Radius Security's Blog providing security advice, safety tips, and various news articles to help you better secure your home or business.

19
Sep
2014

Raccoons, Coyotes and Bears--Oh My!

September 19th, 2014 | by admin admin | in Safety Advice |    38   

coyote.jpgHave skunks and raccoons been hanging around your backyard? Are coyotes stalking your pet dog or cat? In Coquitlam and on the North Shore, bears are not uncommon. As Metro Vancouver continues to develop, conflicts between humans and urban wildlife are increasing. While none of these animals typically attack humans, they can become aggressive or cause extensive property damage. Most residents consider them pests at best.

The B.C. SPCA and the Ministry of Environment recommend that we learn to live with urban wildlife. Conservation officers only intervene if there is a threat to human health. Trapping, re-locating and killing can be ineffective, cruel or both. The best strategy is to keep wildlife wild out of your back yard and away from your pets and children.

Exclude: Fence off your property. Inspect your home for access points and cover with wire mesh. Trim trees near your house.

Don’t feed: Pick up any fruit on the ground, and wrap two-foot-wide sheet metal around tree trunks to prevent raccoons from climbing. Keep pet food indoors. Don’t use bird feeders. Secure your garbage and compost bins.

Avoid: Supervise pets closely outdoors and keep them indoors between dusk and dawn. Pick up small children if you see a coyote or bear. Keep children and pets away from feces—raccoons carry a dangerous roundworm parasite.

Deter: Install bright security lights. Bears, raccoons and other wild critters also tend to avoid loud human conversation, so set up a radio tuned to a talk station. Place sturdy containers filled with ammonia-soaked rags around your property. Don’t forget to top up the ammonia regularly.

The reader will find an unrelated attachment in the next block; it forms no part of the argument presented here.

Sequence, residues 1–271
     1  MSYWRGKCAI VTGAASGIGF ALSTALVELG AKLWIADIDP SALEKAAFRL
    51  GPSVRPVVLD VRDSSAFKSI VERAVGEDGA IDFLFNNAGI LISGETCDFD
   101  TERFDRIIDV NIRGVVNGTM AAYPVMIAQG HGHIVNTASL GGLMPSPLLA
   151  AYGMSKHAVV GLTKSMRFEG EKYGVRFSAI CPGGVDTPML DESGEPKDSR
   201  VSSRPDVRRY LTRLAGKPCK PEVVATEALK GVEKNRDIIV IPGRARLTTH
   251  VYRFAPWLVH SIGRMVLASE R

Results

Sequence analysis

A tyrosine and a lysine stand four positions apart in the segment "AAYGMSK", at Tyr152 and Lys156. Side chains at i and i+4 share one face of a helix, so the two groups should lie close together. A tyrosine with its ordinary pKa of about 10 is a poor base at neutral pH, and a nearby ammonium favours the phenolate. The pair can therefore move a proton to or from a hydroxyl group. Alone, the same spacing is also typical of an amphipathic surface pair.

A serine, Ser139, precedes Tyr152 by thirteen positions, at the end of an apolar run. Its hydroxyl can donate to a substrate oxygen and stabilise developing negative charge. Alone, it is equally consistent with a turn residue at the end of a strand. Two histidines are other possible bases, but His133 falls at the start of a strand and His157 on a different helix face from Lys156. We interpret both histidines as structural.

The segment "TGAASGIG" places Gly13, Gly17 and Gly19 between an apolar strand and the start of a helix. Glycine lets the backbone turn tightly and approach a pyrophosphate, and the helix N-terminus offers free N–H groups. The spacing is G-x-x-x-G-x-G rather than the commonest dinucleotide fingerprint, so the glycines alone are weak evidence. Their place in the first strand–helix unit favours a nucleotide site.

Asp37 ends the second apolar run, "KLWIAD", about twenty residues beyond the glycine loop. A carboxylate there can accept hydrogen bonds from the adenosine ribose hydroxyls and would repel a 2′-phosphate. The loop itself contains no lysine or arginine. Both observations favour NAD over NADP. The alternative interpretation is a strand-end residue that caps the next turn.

If you encounter a coyote, stand up tall with your arms and legs spread out. Shout, bang on pots and pans, and make as much noise as possible.

Never approach a bear. Keep at a distance if possible, stay calm and avoid direct eye contact. Do NOT run unless you are very close to a secure place. Most bears are fast, agile and good swimmers. Black bears and young grizzlies are good at climbing trees. Grizzlies can reach up to 4 metres.

If a bear is standing, it is just curious. Talk softly and move slowly away. If a bear attacks, your response should differ according to the type of bear and situation. Playing dead does not work for black bears, bears that are stalking you or which attack while you’re sleeping. If a bear wants your food, abandon the food and escape.

Most wildlife will avoid humans, unless they lose their fear of us. Then they can become aggressive and attack.

More Information

How to live with urban wildlife (BCSPCA)

What to do if you see or have a problem with urban wildlife

More about bears

More about coyotes

More about raccoons

 

Note: This blog discusses general safety and security topics. It is not intended to provide comprehensive advice or guidance. In all matters of personal safety and security, we encourage readers to research topics in depth and consult a security professional about specific concerns.

Radius Security Vancouver, West Vancouver, North Vancouver, Burnaby, New Westminster, Richmond, Surrey, Langley, Coquitlam, Port Coquitlam, Port Moody, Ladner, Delta, Tsawwassen

 

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